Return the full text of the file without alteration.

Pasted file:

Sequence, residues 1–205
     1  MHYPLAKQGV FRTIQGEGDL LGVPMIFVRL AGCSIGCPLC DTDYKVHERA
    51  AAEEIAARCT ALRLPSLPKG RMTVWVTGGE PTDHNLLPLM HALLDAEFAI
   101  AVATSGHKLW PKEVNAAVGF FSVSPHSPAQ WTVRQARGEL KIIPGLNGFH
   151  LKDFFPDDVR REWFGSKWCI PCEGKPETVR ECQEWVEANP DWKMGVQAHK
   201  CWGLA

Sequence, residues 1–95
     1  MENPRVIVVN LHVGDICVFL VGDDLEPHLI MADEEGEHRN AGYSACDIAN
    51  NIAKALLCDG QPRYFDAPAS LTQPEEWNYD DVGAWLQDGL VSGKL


Sequence, residues 1–205
     1  MHYPLAKQGV FRTIQGEGDL LGVPMIFVRL AGCSIGCPLC DTDYKVHERA
    51  AAEEIAARCT ALRLPSLPKG RMTVWVTGGE PTDHNLLPLM HALLDAEFAI
   101  AVATSGHKLW PKEVNAAVGF FSVSPHSPAQ WTVRQARGEL KIIPGLNGFH
   151  LKDFFPDDVR REWFGSKWCI PCEGKPETVR ECQEWVEANP DWKMGVQAHK
   201  CWGLA

Sequence, residues 1–95
     1  MENPRVIVVN LHVGDICVFL VGDDLEPHLI MADEEGEHRN AGYSACDIAN
    51  NIAKALLCDG QPRYFDAPAS LTQPEEWNYD DVGAWLQDGL VSGKL